But when Barton caught Duquesne committing armed robbery in order to pay his growing gambling debts, Duquesne ran him off, leaving Clint for dead. While Clint went on to become the vigilante Hawkeye, later joining the Avengers, Duquesne embarked on a life of costumed crime as the Swordsman.
When Duquesne resurfaced in Clint Barton's life (in his first comic book appearance, 1965's Avengers #19), Clint was well into his time as an Avenger.
Duquesne, secretly working as an agent of Iron Man's arch-enemy the Mandarin, managed to work his way into the team. Duquesne found a place among the Avengers, impressing them with the power of his special sword, an almost indestructible weapon secretly designed by the Mandarin based on the villain's own ten rings, capable of shooting fire, energy blasts, and more.
He also developed a crush on Wanda Maximoff, the Scarlet Witch, leading him to betray the Mandarin - though his hero turn came too late, and the Avengers rejected him.
Swordsman became a recurring enemy for the Avengers as part of the Grim Reaper's Lethal Legion team, though he also wound up helping the Avengers on multiple occasions - longing to rejoin the team as an actual hero.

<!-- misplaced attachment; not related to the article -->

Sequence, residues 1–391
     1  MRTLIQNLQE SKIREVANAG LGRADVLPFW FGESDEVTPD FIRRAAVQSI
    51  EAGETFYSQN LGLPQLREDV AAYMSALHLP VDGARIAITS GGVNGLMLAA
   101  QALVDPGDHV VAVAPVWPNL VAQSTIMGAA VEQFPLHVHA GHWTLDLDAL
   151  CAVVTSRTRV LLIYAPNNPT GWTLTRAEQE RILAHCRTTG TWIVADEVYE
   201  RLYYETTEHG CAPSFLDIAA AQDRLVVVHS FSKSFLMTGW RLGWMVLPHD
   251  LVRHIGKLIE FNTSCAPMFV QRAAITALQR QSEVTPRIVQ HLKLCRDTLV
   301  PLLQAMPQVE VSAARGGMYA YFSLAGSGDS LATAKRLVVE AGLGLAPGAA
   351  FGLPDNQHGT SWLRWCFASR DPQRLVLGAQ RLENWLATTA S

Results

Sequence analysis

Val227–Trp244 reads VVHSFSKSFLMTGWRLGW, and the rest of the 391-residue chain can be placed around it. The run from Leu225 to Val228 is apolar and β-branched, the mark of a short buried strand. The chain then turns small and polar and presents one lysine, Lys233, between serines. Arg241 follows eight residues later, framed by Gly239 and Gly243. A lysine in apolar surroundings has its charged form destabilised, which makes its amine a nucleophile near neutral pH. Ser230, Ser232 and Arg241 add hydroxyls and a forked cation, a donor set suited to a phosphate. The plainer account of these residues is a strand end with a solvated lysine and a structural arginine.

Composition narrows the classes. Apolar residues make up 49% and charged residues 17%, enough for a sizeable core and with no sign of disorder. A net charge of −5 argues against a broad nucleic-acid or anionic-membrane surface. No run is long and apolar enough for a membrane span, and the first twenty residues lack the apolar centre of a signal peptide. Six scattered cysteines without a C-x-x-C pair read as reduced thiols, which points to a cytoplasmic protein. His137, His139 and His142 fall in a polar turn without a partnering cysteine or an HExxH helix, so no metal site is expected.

Swordsman eventually got his wish when he met Mantis, the so-called 'Celestial Madonna' and chosen holy figure of an alien race known as the Cotati (more on them later). Swordsman and Mantis (who MCU fans know from her slightly different incarnation among the Guardians of the Galaxy, played by Pom Klementieff) sought out the Avengers, convincing the team of their sincerity as heroes.
Unfortunately, Mantis' destiny as the so-called Celestial Madonna came calling, as none other than Kang the Conqueror came to claim the power inherent in Mantis' destined role.
Though Swordsman saved Mantis from Kang, it came at the cost of his life, and Mantis departed the Avengers with a broken heart over the man she had come to realize she truly loved.
But that wasn't quite the end of Jacques Duquesne.
Swordsman in the Marvel Universe
Mantis took Swordsman's body to the Cotati, a plant-like alien race who are ancient enemies of the Kree, with whom the Cotati once shared the planet Hala.